Propofol Abuse Growing Problem for Anesthesiologists - page 3

by Anxious Patient

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  1. 6
    I'm a CRNA and I cannot BELIEVE that anyone with the LEAST bit of medical knowledge would give someone an anesthetic agent at his HOME. Yes, it's true that Propofol is not a scheduled drug...which I was somewhat surprised by when I was in anesthesia school. I haven't actually THOUGHT about that for years as it just lays in the cart and we get used to things being the way they are. However, every hospital I've worked in has some way of locking up all drugs, even the nonscheduled drugs. Either a locking anesthesia cart or a tackle box of some sort that locks. But to think that someone would abuse diprivan is just amazing. You're not even conscious after 20 seconds so how good could it be?? On another note, Michael did have access to all kinds of things......and I once worked at a hospital where a scrub tech decided to commit suicide and got ahold of an amp of sux (succinylcholine), depolarizing muscle relaxant...and injected it and chose to commit suicide...I don't think that was Michael's intent but he must have really wanted the propofol...and where there's a will, there's a way...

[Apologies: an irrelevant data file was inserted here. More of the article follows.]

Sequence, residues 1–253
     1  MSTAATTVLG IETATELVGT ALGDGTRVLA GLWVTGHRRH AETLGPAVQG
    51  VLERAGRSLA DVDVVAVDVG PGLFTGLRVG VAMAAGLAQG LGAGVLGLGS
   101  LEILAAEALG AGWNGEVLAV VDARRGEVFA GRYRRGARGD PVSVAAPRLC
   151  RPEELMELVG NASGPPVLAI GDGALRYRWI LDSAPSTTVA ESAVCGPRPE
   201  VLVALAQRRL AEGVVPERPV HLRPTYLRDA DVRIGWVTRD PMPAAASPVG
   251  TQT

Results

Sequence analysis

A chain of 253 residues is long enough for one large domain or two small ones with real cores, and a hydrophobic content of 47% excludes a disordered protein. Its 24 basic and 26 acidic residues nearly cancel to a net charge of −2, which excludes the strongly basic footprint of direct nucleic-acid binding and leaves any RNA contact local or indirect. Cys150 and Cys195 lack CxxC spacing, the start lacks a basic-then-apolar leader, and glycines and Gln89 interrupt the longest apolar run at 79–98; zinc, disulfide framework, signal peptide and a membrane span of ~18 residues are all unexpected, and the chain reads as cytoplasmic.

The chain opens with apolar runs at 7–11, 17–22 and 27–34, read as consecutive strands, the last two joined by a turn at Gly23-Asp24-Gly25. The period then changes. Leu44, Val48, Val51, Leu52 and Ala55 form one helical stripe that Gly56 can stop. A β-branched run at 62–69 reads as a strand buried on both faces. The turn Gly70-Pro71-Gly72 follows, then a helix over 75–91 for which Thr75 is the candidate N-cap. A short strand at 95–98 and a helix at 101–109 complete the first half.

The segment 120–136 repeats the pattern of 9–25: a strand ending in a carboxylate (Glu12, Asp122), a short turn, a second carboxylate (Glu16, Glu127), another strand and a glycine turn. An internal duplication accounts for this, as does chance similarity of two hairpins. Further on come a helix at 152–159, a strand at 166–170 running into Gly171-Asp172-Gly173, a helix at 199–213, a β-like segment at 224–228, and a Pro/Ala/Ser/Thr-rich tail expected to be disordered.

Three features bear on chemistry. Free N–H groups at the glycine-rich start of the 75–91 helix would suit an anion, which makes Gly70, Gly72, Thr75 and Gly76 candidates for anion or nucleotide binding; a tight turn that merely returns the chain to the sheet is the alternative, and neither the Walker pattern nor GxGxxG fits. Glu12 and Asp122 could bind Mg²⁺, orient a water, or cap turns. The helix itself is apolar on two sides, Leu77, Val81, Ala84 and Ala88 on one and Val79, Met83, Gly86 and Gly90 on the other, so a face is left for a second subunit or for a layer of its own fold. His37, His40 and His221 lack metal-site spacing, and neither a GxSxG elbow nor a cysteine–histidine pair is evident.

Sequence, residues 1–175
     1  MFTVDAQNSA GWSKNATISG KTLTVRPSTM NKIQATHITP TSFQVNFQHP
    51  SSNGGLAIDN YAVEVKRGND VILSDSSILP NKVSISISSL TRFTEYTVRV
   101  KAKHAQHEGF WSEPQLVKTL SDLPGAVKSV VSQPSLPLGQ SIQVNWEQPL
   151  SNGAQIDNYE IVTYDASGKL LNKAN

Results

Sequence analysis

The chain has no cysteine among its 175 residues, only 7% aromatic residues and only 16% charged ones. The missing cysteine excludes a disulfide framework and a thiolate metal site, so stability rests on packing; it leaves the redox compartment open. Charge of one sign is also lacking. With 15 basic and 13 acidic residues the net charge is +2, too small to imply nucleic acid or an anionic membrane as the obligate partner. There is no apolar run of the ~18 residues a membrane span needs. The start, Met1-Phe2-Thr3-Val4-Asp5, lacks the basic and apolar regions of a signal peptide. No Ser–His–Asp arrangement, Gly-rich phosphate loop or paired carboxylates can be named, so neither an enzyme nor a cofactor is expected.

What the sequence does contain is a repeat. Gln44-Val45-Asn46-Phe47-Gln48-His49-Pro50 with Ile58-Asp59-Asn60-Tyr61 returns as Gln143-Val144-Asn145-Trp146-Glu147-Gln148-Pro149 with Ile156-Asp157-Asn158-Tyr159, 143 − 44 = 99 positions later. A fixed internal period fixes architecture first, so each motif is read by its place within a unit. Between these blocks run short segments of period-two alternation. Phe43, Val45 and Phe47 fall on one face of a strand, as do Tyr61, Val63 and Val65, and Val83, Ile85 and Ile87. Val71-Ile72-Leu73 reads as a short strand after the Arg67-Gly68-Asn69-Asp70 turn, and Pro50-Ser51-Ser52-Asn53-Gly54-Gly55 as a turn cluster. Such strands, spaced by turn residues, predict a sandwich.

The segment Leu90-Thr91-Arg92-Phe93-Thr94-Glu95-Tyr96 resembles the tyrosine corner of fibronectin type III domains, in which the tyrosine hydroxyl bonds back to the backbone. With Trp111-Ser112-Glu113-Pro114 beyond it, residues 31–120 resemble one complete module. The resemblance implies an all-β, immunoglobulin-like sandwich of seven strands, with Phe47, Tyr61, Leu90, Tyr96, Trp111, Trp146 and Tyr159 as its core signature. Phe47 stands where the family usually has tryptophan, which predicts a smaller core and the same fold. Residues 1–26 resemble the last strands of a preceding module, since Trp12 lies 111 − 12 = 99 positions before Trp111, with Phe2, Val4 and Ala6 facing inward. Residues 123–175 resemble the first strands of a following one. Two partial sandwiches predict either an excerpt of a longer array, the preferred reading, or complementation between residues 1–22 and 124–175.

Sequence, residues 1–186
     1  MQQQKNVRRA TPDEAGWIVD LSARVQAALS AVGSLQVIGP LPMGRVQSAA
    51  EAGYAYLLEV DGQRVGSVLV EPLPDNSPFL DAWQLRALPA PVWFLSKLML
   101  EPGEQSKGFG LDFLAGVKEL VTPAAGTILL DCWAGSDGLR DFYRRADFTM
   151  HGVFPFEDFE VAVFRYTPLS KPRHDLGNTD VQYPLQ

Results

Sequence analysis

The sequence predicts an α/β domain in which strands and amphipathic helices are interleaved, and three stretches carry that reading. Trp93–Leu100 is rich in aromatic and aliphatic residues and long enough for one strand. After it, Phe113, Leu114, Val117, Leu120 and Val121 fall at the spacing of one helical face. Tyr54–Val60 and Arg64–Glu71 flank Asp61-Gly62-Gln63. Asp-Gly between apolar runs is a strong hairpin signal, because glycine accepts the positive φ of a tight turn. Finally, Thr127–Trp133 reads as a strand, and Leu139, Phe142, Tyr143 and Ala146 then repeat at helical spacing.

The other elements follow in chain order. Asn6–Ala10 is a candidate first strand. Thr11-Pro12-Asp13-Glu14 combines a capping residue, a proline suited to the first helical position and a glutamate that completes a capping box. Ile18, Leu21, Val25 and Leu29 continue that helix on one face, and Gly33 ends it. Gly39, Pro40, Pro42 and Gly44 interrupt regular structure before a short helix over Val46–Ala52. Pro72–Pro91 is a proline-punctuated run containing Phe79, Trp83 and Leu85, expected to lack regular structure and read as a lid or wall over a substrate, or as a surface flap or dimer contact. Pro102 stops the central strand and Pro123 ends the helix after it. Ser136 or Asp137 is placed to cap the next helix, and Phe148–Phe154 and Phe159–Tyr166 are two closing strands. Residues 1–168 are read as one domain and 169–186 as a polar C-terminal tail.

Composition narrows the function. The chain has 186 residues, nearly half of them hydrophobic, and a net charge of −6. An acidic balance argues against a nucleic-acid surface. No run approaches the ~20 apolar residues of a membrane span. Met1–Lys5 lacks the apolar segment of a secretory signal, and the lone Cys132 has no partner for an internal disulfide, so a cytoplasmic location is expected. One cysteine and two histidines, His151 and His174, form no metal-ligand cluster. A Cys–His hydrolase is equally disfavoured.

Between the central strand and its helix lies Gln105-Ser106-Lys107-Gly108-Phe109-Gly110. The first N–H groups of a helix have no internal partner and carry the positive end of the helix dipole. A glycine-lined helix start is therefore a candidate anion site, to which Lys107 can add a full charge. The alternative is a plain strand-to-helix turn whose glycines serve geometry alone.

Altra, NC29mom, Andrew, RN, and 3 others like this.
  2. 0
    Quote from carolinapooh

    I have no idea how large of a container propofol comes in, but I know that personally I don't throw any drug container in the trash - I toss it all in the sharps bin.

    100ml bottles. They don't fit in most sharps containers, only the ones with large openings.
  3. 0
    Quote from KimQCRNA
    I'm a CRNA and I cannot BELIEVE that anyone with the LEAST bit of medical knowledge would give someone an anesthetic agent at his HOME. Yes, it's true that Propofol is not a scheduled drug...which I was somewhat surprised by when I was in anesthesia school. I haven't actually THOUGHT about that for years as it just lays in the cart and we get used to things being the way they are. However, every hospital I've worked in has some way of locking up all drugs, even the nonscheduled drugs. Either a locking anesthesia cart or a tackle box of some sort that locks. But to think that someone would abuse diprivan is just amazing. You're not even conscious after 20 seconds so how good could it be?? On another note, Michael did have access to all kinds of things......and I once worked at a hospital where a scrub tech decided to commit suicide and got ahold of an amp of sux (succinylcholine), depolarizing muscle relaxant...and injected it and chose to commit suicide...I don't think that was Michael's intent but he must have really wanted the propofol...and where there's a will, there's a way...